US suggests Israel may have breached humanitarian law but avoids conclusion

The administration of US President Joe Biden says Israel's use of US-supplied weapons in the Gaza Strip may have been "inconsistent" with its international humanitarian law obligations, but avoids making a conclusive assessment.

The Biden administration submitted a report to Congress on Friday on Israel's military operations in Gaza between January 2023 and April this year. Assessments and analysis were made based on information from the intelligence communities of Israel and the United States, as well as other sources.

The report also said it was "reasonable to assess" that Israeli security forces used weapons supplied by the US in instances inconsistent "with established best practices for mitigating civilian harm."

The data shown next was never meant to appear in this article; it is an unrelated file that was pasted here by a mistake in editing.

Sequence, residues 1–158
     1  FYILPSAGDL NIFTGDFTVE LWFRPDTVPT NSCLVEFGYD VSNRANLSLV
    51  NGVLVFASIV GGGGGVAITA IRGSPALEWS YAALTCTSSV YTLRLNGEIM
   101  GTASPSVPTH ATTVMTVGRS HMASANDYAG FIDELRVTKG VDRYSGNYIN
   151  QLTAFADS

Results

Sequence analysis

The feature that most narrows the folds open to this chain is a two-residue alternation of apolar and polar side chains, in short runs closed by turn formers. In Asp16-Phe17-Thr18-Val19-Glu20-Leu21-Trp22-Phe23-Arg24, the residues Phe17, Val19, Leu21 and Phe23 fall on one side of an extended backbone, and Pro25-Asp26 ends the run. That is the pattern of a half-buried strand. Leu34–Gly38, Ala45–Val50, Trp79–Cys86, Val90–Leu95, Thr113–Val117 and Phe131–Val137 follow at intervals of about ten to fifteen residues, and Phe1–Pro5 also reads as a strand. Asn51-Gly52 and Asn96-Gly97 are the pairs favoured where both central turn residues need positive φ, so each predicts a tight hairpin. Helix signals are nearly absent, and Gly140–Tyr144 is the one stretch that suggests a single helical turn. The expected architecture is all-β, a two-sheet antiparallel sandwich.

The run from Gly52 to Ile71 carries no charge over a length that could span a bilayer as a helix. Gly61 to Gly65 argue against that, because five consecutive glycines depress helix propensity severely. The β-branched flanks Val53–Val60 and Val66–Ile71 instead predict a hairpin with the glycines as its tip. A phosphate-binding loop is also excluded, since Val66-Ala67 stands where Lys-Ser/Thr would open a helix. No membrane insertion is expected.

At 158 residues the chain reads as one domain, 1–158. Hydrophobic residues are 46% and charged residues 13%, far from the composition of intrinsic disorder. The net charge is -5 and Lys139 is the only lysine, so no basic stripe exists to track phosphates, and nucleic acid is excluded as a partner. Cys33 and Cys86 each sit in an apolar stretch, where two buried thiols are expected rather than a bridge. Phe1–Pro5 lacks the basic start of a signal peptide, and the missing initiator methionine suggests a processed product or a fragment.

But it said, "it is difficult to assess or reach conclusive findings on individual incidents" given the nature of the conflict, and that it will continue to monitor the situation.

Based on an agreement between the two countries, the US would take measures such as reviewing the provision of weapons if violations are confirmed.

Attention has been focused on the US response as Biden has indicated the US would hold off providing ammunition and other weapons if Israel goes ahead with a massive ground operation in the southern Gaza city of Rafah.